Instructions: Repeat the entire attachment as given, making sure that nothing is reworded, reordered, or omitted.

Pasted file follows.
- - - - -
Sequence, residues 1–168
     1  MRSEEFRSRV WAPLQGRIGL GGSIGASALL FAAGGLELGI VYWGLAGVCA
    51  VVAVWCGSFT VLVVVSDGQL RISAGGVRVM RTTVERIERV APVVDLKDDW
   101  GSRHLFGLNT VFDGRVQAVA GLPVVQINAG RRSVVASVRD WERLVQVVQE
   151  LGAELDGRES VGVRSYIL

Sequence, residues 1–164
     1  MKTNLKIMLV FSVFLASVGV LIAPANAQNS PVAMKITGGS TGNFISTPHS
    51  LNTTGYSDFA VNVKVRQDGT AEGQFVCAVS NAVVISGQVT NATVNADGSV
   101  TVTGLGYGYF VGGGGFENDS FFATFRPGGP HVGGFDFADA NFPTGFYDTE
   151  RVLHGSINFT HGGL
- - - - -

Sequence, residues 1–168
     1  MRSEEFRSRV WAPLQGRIGL GGSIGASALL FAAGGLELGI VYWGLAGVCA
    51  VVAVWCGSFT VLVVVSDGQL RISAGGVRVM RTTVERIERV APVVDLKDDW
   101  GSRHLFGLNT VFDGRVQAVA GLPVVQINAG RRSVVASVRD WERLVQVVQE
   151  LGAELDGRES VGVRSYIL

Sequence, residues 1–164
     1  MKTNLKIMLV FSVFLASVGV LIAPANAQNS PVAMKITGGS TGNFISTPHS
    51  LNTTGYSDFA VNVKVRQDGT AEGQFVCAVS NAVVISGQVT NATVNADGSV
   101  TVTGLGYGYF VGGGGFENDS FFATFRPGGP HVGGFDFADA NFPTGFYDTE
   151  RVLHGSINFT HGGL